CAMBRIDGE, Mass (April 11, 2011)—In a research collaboration blind to affairs of politics, ethnicity, and religion, an international team led by Israeli scientists has identified the genetic cause of a neurological disorder afflicting members of a Palestinian family.
| Whitehead Fellow Yaniv Erlich. Credit: Photo by Chris Sanchez/Whitehead Institute |
By combining the latest genome sequencing technology with a sophisticated "guilt-by-association" technique known as disease-network analysis, the team from Whitehead Institute, Cold Spring Harbor Laboratory, and Hadassah Medical Center in Jerusalem has found a heretofore unknown genetic mutation responsible for the family's hereditary spastic paraparesis (HSP)—a progressive disease that causes weakness and muscle spasticity in the legs and abnormal gait.
The research, whose findings are reported online this week in the journal Genome Research, began in a neurology clinic at Jerusalem's Hadassah Medical Center, where three brothers, ages 14, 15, and 20, were diagnosed with HSP. The parents (both of Moslem Palestinian origin from the same village) and their four other children showed no signs of the disorder. HSP is a Mendelian (or monogenic) disorder with inheritance patterns that may be autosomal dominant, autosomal recessive, or X-linked.
Previous research on the genetic origins of HSP had identified 20 genes associated with the disorder, presenting a natural starting point for scientists seeking to help the family in question.
"We knew about the 20 genes causing HSP," says Yaniv Erlich, a Whitehead Institute Fellow and first author of the Genome Research paper. "But we also knew that genes that cause diseases like HSP tend to be clustered with similar behaviors that can be detected."
Comparing genome sequences of the patients and their parents against known disease culprits indicated that a new gene was at work here. The team then employed homozygosity mapping, a method aimed at identifying the genomic "neighborhood" of disease-causing genes in families with a history of consanguineous marriage. The final exclusionary step, disease-network analysis, led the researchers to examine each suspected gene in this genomic neighborhood and to rule out genes that do not behave in the manner of an HSP gene. The team concluded that a mutation in a gene known as KIF1A was responsible for this family's HSP. The group also determined that approximately 1 in 200 Palestinians carries this mutation.
Emily Hodges, a postdoctoral scientist at Cold Spring Harbor Laboratory who helped develop the sequencing technology employed in this research, says the approach the team adopted to find the causative mutation addresses one of the key challenges of the genomic era. With the volume of data today's technology produces, there exists a need for more effective analysis of the outputs.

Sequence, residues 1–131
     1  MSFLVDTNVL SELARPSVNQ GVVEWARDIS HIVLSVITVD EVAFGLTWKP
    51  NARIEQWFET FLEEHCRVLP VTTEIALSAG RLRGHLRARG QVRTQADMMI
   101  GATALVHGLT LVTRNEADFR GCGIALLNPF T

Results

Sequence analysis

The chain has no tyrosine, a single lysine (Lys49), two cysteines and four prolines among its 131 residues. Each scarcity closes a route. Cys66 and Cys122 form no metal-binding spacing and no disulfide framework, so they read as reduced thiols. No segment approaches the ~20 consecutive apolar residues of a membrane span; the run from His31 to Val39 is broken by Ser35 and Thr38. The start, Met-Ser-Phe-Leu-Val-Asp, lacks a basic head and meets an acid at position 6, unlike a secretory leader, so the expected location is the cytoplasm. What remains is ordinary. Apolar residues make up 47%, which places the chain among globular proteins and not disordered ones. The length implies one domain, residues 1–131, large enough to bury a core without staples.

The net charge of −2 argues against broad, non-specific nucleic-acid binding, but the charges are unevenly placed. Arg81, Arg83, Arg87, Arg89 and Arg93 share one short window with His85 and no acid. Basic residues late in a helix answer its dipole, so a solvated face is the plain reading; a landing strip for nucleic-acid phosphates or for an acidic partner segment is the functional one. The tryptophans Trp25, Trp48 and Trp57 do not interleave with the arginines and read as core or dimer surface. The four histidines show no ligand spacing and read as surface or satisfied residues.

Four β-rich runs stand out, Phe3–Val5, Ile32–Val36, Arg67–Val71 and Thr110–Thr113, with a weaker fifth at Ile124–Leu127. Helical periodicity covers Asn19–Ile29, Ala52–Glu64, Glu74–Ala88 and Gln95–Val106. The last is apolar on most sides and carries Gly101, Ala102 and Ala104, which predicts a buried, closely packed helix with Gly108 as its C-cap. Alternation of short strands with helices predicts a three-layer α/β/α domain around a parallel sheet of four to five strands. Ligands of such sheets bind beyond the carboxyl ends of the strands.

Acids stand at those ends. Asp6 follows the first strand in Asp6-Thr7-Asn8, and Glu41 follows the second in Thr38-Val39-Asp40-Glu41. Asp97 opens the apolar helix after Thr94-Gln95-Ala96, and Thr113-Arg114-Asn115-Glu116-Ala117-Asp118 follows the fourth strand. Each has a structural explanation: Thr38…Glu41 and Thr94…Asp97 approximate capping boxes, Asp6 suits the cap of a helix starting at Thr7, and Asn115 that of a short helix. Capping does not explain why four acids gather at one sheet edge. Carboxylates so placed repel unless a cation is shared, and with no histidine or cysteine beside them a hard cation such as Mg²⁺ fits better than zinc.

"That's been the bottleneck, really," says Hodges. "It's been difficult to home in on the disease variants during the downstream analysis. It's important to point out that they (Erlich and colleagues) were able to marry the latest technology with more conventional methods, like homozygosity mapping, to further filter the data. It's a nice demonstration of new and old."
"We couldn't do this before," Erlich says, noting that such detective work once required genetic analysis from multiple families. "But with the current methodology, we were able to rule out other genes and nail down this mutation in a single family. Our next goal is to be able to find the causative mutation with a single affected person, fully moving into the era of personal genomics"
Erlich explains that the strategy he and his colleagues employed in this research can be applied to efforts to identify genetic causes of nearly 200 other Mendelian, familial disorders. The methodological advances in this study can be used to help families with extremely rare disorders, allowing them to avail themselves of such services as genetic counseling, disease management, and support for important family-planning decisions, including whether to pursue pre-implantation genetic diagnosis (PGD).
And for the family under study here, the work provided something else.
"I think there was a sense of relief that they have a diagnosis that explains their symptoms," says Shimon Edvardson, the neurologist at Hadassah Medical Center who first examined the three siblings. "I know they will use this information when arranging marriages. Now we can offer a proposed couple a test to see if they are carriers of this mutation, as well as others."